Valentine's Day is nearly upon us, and you know what that means. All across the land, little kids have spent recent hours painstakingly printing out the names of their little friends on paper hearts. In just a matter of days, these little cuties who have put heart and soul into crafting their love notes for their pals are about to be upstaged ... by parents.
You know which parents I'm talking about. They spent hours on Pinterest, scrolling through idea after idea after idea, on the hunt for the cleverest and cutest of Valentines. Hours more were wasted in the craft store, dragging exhausted children into "just one more aisle" before they headed home, plopped the kids in front of the TV, and got to work ... on their kids' Valentine's Day cards.
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The fruits of their labor will be stunning, I'm sure. No globs of glue or dribbles of paint in sight. They will come home in my daughter's backpack, and as I paw through the pile of Valentines, they will stand heads and tails above the others in terms of "quality."
And yet, I will know they did not come from any of her pals. No 8-year-old I've met has ever crafted anything that I've seen on Pinterest (at least nothing that gets repinned on the regular).
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Which is why these beauties will be shifted immediately to the bottom of the pile as I ooh and ahh over the misshapen hearts and the store-bought cartoon-covered rectangles with bad penmanship. The worse the cards look, the more sure I'll be that they came from a kid like mine, a kid who cared enough to put a little time and effort into making their friend smile.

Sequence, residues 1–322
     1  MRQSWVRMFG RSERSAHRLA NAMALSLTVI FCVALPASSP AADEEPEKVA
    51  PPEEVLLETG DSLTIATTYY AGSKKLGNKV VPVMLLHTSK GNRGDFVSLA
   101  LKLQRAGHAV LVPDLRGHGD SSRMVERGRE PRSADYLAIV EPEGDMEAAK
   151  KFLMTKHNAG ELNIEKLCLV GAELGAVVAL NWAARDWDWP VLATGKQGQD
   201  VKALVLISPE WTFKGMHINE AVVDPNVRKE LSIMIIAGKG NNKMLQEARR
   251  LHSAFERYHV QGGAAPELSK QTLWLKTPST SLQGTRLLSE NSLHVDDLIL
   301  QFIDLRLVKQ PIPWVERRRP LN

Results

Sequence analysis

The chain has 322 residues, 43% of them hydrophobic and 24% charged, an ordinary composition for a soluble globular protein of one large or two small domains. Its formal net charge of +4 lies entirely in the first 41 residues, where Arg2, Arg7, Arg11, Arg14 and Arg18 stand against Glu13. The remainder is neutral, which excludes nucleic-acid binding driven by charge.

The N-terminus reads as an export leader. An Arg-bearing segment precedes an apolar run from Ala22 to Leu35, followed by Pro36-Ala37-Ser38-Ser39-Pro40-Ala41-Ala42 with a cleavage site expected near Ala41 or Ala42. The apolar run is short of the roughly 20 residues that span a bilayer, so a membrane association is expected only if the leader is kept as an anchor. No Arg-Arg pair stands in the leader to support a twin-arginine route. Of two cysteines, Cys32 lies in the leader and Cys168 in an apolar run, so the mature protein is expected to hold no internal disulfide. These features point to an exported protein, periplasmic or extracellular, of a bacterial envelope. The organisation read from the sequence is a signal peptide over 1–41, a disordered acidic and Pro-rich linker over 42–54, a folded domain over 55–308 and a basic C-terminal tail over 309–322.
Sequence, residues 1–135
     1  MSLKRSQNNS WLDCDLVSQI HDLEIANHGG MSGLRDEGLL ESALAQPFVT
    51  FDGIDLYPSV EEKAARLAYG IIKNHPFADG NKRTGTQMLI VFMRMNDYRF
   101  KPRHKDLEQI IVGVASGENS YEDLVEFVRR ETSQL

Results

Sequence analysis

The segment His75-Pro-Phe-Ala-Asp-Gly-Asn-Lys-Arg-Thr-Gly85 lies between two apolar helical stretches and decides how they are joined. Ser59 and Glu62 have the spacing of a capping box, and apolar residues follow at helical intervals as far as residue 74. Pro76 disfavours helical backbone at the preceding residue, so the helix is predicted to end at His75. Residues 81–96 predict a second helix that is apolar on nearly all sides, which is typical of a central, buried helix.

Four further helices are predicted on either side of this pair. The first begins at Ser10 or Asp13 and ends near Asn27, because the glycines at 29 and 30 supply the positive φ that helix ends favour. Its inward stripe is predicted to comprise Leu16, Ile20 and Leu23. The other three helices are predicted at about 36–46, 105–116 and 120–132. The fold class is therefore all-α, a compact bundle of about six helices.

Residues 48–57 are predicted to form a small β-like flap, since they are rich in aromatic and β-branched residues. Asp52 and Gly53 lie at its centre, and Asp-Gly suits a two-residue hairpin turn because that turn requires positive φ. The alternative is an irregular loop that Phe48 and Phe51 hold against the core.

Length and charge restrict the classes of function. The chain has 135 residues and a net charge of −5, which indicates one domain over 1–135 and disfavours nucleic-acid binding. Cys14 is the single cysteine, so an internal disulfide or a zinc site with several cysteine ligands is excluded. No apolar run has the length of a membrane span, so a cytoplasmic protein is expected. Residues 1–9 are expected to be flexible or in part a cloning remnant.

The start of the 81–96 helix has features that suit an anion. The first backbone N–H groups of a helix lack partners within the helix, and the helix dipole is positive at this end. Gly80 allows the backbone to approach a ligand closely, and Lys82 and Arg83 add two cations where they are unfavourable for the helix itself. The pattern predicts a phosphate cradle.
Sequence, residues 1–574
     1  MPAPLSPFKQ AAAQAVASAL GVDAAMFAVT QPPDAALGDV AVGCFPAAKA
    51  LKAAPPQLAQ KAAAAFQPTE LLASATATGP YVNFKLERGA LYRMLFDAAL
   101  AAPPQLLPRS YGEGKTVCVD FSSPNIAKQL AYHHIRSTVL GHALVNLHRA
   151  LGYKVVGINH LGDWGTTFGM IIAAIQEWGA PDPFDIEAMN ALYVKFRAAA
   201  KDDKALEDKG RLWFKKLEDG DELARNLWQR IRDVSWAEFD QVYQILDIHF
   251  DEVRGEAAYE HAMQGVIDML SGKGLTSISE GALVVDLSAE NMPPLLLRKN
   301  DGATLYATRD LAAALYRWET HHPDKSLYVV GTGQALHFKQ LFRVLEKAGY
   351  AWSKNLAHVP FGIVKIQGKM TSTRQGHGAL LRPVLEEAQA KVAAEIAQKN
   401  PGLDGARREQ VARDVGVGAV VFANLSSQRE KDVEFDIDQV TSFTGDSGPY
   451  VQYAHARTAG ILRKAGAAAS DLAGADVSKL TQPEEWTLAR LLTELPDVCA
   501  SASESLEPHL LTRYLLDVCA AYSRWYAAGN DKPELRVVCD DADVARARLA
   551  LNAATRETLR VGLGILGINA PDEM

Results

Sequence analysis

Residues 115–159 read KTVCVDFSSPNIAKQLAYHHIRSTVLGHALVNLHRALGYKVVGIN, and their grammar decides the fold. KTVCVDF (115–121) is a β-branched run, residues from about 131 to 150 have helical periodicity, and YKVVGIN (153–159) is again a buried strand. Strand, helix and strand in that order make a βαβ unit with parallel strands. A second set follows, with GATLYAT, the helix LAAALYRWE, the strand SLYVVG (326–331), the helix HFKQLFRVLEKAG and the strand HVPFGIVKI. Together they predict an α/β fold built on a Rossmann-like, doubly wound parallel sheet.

Isn't that the point of Valentine's Day when you're 8? They're way too young to pin any romantic notions to February 14.
At 6, 7, 8, 9, even 10, the point of handing out Valentines to their classmates is still supposed to be about friendship ... and kindness. But what, exactly, is kind about waltzing into class with a backpack full of picture perfect crafts your mom Martha'd up over the weekend? It's not thoughtful in the least.
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And it certainly doesn't make the kids who spent hours on their cards feel terribly appreciated.
It's not that I'm against homemade cards, folks. Far from it. I'm a Pinterest junkie of the first degree, and I found more than a half dozen projects that were perfect for kids to make this holiday. I don't even have a problem with parents who help their kids with their Valentines -- it can be a great family bonding project.
Only, the key word here is "help." Not do. Help. If you want your kids to actually get anything out of Valentine's Day besides a stomach ache from all that candy, you'll back off ... and stop making our kids' creations look bad.
But then, our kids come by their messy cards honestly ...
How much help do you give your kids with their Valentines?
Image by Jeanne Sager